Wine Jelly

I can’t even count the number of times I’ve looked at a glass of red wine and thought to myself, “you know how this would be even better? If I could spread it on crackers!”

Okay, I’m lying. I’ve never thought that. Red wine is pretty excellent in a plain old wine glass, and there’s no reason to argue otherwise. But in the interest of not leaving well enough alone (I love poking well enough with a stick!), this is a way to take the excellent and make it transcendent. We’ve all had red wine, and we’ve given it as the standard hostess gift at every dinner party we’ve been to for the last kazillion years, and that’s fine. But wine jelly? Not only is it a handmade gift from your own kitchen, but hello! It’s also wine. And it’s easy to make. And the recipe conveniently leaves a healthy glassful to relax with while you wait for your jars to seal. You don’t want it to go to waste, do you?

The first few times I gave this out, I’ll admit that I got mixed reactions: “Wine jelly…um…interesting! What do you do with it?”  Now, I get a preemptive “Are you making the wine jelly this year?” I’ve heard varying reports on what people are actually doing with it – the most common is served with cheese and crackers as an appetizer (this method has been me-tested and wholeheartedly approved), but I’ve also heard that it’s been mixed with Dijon mustard for a marinade, and I’ve even gotten a report or two that it’s been used in a grown-up version of a classic PB&J. Again, just another way to make the already-excellent transcendent.

What I love about this jelly is that you can actually taste the wine. It’s never boiled, so the alcohol doesn’t cook out. The downside of this is that you should probably not put it on your morning English muffin (unless it’s the weekend). The upside is that, like I said, you can actually taste the wine. The sugar mellows it quite a bit, and it’s not overpowering in the least. I’m not an expert on palates and finishes and all of that, but I’d describe each bite as a burst of fruity sweetness followed by a hint of the wine flavor at the very end. While it’s definitely not your standard Smuckers, it’s really, really good.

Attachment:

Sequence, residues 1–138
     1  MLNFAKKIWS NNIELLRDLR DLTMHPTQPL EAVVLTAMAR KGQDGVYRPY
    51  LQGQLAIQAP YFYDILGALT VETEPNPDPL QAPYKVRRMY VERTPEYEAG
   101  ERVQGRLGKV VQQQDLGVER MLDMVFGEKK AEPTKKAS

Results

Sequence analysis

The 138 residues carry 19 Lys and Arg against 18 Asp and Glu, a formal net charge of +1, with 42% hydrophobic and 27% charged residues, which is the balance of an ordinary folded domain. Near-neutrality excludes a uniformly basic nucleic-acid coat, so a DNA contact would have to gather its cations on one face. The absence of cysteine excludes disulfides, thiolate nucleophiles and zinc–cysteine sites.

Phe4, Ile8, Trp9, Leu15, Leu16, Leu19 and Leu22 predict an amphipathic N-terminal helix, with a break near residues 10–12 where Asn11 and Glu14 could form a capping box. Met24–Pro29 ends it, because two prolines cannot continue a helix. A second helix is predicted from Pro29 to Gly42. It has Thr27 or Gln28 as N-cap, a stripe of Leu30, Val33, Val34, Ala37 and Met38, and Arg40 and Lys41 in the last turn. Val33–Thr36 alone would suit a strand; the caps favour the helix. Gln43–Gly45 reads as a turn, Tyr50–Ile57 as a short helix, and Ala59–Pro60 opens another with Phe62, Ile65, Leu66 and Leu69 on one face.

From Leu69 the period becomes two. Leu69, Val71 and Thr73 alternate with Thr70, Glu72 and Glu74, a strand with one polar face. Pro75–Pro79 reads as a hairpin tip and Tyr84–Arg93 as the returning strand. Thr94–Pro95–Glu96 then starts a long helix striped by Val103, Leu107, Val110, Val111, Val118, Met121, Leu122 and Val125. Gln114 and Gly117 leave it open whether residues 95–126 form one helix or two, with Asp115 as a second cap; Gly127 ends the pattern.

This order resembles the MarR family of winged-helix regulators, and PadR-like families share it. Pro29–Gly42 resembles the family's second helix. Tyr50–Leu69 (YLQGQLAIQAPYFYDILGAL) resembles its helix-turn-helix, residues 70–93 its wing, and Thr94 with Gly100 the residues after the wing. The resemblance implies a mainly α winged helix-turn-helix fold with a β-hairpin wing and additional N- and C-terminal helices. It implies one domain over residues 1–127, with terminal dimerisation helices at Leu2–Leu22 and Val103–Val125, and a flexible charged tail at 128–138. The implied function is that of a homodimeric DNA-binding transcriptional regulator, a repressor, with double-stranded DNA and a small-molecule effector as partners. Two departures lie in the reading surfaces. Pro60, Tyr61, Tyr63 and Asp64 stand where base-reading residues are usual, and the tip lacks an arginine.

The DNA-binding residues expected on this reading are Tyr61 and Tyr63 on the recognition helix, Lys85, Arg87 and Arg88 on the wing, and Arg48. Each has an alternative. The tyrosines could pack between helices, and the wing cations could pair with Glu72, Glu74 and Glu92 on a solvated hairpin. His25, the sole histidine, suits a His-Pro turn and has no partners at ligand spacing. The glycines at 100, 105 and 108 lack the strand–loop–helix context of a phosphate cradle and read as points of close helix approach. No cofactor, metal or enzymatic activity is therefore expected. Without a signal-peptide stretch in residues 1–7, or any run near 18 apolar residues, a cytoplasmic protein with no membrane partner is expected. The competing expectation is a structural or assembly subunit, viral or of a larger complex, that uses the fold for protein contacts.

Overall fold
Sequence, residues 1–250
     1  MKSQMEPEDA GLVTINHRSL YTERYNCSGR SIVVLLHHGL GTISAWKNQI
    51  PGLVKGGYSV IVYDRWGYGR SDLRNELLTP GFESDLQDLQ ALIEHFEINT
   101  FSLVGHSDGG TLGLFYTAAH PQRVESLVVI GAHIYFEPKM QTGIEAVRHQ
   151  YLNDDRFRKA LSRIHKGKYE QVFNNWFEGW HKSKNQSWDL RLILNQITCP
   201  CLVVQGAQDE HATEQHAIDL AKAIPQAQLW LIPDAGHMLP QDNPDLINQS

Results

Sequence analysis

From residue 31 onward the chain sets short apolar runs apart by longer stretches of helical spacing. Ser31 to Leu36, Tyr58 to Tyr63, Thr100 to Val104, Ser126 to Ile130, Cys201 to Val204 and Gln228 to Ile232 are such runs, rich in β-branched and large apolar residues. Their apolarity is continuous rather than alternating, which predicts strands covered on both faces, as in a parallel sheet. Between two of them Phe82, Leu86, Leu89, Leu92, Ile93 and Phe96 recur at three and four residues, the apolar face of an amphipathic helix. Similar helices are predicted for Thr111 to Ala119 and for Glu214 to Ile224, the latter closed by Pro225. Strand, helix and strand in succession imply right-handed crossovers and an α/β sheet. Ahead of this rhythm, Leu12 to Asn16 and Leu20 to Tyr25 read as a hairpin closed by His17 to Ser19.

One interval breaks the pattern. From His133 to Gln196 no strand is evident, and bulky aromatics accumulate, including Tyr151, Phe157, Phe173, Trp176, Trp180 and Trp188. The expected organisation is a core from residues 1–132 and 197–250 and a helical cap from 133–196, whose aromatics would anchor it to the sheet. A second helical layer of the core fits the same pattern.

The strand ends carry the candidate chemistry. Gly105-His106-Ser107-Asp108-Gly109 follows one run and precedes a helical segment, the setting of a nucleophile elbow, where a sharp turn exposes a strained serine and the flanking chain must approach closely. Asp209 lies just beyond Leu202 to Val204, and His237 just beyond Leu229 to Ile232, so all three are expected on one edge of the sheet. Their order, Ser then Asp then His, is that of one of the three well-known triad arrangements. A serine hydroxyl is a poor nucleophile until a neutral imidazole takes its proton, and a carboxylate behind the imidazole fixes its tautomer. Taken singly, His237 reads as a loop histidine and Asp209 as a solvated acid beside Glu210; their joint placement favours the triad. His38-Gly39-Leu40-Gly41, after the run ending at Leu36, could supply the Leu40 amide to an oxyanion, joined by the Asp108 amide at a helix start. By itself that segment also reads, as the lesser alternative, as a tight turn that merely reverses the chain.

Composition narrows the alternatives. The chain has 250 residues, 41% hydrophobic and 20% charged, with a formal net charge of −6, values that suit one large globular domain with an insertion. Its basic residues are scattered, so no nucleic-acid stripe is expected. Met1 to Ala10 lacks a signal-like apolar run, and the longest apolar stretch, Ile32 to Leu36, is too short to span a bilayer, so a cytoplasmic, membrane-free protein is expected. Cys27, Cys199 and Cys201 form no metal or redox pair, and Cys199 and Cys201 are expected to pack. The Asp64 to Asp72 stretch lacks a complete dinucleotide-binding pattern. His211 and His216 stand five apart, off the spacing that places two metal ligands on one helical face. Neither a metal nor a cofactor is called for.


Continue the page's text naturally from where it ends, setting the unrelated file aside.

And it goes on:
If you’re not interested in canning this for long-term storage but still want to give it as a gift, that’s absolutely fine – it will keep refrigerated for several months in sterilized jars. If you’re new to home canning but interested, I urge you to go here to read up on the basics. This was the first recipe I ever canned, and the simplicity of it got me totally hooked. Regardless of how you prepare, preserve, give or store this, I hope you enjoy it – it’s one of my all-time favorites.

Wine Jelly
Yield: 7 half pint jars/7 cups
  • 4 cups red wine (use any red you like. I use a $9 Cabernet blend from Trader Joe's. Also, your standard bottle is only three cups, so you'll have to buy two bottles or a 1.5 liter for this, and then dispose of the leftovers somehow. The sacrifices you must make!)
  • 6 cups granulated sugar
  • 2 3-oz packets liquid pectin
  1. Combine wine and sugar in a medium saucepan. Cook over medium heat, stirring occasionally, until sugar is dissolved. Do not boil. Mix in the pectin and stir until combined. Skim off foam, if any, and discard.
  2. If not preserving, ladle into sterilized jars and refrigerate. If preserving, follow instructions here. Ladle into hot sterilized jars, leaving ¼ inch head space, and process for 10 minutes in a water bath. Turn off heat and let stand for ten minutes, then remove and allow to stand undisturbed for 12-24 hours. You should hear the "pop" of the sealed jars within minutes of removing them, which will warm your heart while you enjoy the last bit of that wine you bought for this.
  3. Unpreserved jelly will keep in the fridge for several months. Preserved jelly will keep at room temperature for at least one year.


3 Responses to Wine Jelly

    • Thank you so much, Cara Leigh! I was actually just thinking earlier today about doing a sort of “canning basics” type post sometime soon – would that help?